Consensus-seeking and direct democracy


Description

The cornerstone of peaceful coexistence and effective political institutions is its deep-rooted culture of consensus. In such a system both majority and minority groups should negotiate and determine the way forward, with everyone having their individual voices heard. However, such an approach generally demands a multilayered political decision-making process: exploratory talks, several rounds of consultation, parliamentary debates and, last but not least, the use of instruments of direct democracy. Not even the federal government is exempt from this enduring principle. All decisions issued by the members of the cabinet have been reached collectively and are defended by all in accordance with the principle of “Konkordanz” (collegiality or agreement). However, it is a well-known fact that the road to Konkordanz, which the Federal Constitution does not actually mention explicitly, is not always smooth or straightforward, and in some cases is marked by less than constructive dialogue. Indeed, the great store that the Swiss set by consensus-seeking is also born out of fundamental dissent. Switzerland provides a fertile breeding ground for a multitude of viewpoints and opinions thanks not least to the fact that all seven Swiss cabinet ministers have equal power and that the National Council is elected according to proportional representation. Added to this is the prevailing federalist culture (or “Kantönligeist” [provincialism] as it is referred to by the Swiss themselves), as well as the country’s linguistic, regional and economic diversity. While these factors may hamper the decision-making process, the outcomes are always astonishing and unique. Indeed, the “Inventory of Living Traditions in Switzerland” is a perfect of such an outcome.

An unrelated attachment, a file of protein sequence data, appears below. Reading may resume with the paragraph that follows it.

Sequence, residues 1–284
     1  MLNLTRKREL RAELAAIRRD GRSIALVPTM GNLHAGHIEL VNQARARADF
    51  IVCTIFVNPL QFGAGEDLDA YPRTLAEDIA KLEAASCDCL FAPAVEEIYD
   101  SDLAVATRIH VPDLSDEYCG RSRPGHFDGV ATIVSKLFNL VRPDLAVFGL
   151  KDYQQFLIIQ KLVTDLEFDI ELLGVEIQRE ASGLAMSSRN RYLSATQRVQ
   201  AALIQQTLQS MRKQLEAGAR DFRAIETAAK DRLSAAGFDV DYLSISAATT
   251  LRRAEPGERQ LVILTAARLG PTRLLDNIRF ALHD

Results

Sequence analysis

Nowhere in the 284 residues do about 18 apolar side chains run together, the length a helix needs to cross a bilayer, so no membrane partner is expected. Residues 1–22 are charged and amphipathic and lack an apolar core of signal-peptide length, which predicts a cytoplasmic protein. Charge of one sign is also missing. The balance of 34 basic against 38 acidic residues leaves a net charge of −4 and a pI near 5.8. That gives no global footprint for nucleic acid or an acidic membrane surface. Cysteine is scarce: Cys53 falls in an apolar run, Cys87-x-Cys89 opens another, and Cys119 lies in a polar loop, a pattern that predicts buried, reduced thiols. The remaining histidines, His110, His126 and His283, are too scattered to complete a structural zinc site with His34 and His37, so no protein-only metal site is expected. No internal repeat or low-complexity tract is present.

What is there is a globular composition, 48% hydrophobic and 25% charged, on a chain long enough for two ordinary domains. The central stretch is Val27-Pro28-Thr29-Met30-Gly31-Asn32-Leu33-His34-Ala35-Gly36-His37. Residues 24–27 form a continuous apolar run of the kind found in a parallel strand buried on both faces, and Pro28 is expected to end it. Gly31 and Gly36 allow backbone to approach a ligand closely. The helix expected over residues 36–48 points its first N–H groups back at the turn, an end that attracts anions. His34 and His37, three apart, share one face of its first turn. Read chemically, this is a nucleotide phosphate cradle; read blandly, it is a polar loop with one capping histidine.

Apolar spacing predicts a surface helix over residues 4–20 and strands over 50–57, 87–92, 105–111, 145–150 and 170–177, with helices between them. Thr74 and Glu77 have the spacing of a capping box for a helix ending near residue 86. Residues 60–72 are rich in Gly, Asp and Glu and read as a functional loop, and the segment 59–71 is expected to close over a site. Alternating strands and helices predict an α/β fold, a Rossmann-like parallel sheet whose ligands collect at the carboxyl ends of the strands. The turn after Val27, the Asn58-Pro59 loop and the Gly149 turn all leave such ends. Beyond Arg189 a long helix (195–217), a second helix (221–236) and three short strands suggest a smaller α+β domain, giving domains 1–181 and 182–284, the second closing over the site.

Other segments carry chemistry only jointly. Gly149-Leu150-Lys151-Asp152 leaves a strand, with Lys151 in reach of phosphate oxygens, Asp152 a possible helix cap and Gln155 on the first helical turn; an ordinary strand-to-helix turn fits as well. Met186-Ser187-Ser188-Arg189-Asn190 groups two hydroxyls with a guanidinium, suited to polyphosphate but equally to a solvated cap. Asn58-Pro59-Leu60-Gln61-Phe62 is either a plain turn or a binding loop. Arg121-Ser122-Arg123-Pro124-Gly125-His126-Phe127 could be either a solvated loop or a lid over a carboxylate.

Image gallery

  • Every Wednesday or Friday, the Federal Council meet behind closed doors. © Bundeskanzlei
  • Federal Council : meeting room © Federal Chancellery
  • Peter Vischer: Tagsatzung 1531 in Baden (etching from 1793) © Swiss National Museum
  • C. Studer: "Volksversammlung Uster" (lithograph, 1830–1832) © Swiss National Museum
  • General strike of 1918: Soldiers tackle a striker. © Carl Kling-Jenny, Basel/Swiss National Museum
  • Women’s suffrage commemorative stamps, 1960 © Swiss National Museum
  • “The Jura question”: Young separatists carrying a battering ram, 1970s © Swiss National Museum
  • Changing times: In 2011 the debate was launched in Rapperswil-Jona on the creation of a municipal parliament © Willi Meissner/Die Südostschweiz
  • Every Wednesday or Friday, the Federal Council meet behind closed doors. © Bundeskanzlei
  • Federal Council : meeting room © Federal Chancellery
  • Peter Vischer: Tagsatzung 1531 in Baden (etching from 1793) © Swiss National Museum
  • C. Studer: "Volksversammlung Uster" (lithograph, 1830–1832) © Swiss National Museum
  • General strike of 1918: Soldiers tackle a striker. © Carl Kling-Jenny, Basel/Swiss National Museum
  • Women’s suffrage commemorative stamps, 1960 © Swiss National Museum
  • “The Jura question”: Young separatists carrying a battering ram, 1970 © Swiss National Museum
  • Changing times: In 2011 the debate was launched in Rapperswil-Jona on the creation of a municipal parliament © Willi Meissner/Die Südostschweiz

Video

Speech given by Swiss Minister for Home Affairs, Alain Berset, to the Council of States on the popular initiative “Music and Youth”, 27 February 2012. © Parliamentary Services of the Federal Assembly, Bern

References and documentation

Publications
  • Jean-Stéphane Bron: Mais im Bundeshuus – Le génie hélvétique (DVD). 2003

  • Michael Hermann: Konkordanz in der Krise. Zürich, 2011

  • Ulrich Klöti et al.: Handbuch der Schweizer Politik. Zürich, 2002 (4. Auflage)

  • Georg Kreis: Schweizer Erinnerungsorte. Aus dem Speicher der Swissness. Zürich, 2010

  • Arend Lijphart: Thinking about democracy. Power sharing and majority rule in theory and practice. London, 2008

  • Thomas Maissen: Geschichte der Schweiz. Baden, 2010 (2. Auflage)

  • Iwan Rickenbacher: Hat die Konkordanz Zukunft? In: Neue Zürcher Zeitung, 28. Januar 2011

  • Schweizerisches Nationalmuseum (Ed.): Geschichte Schweiz. Katalog der Dauerausstellung im Landesmuseum Zürich. Zürich, 2009

  • Adrian Vatter: Schweizerische Konkordanz der zwei Geschwindigkeiten. In: Neue Zürcher Zeitung, 2. März 2011

Documentation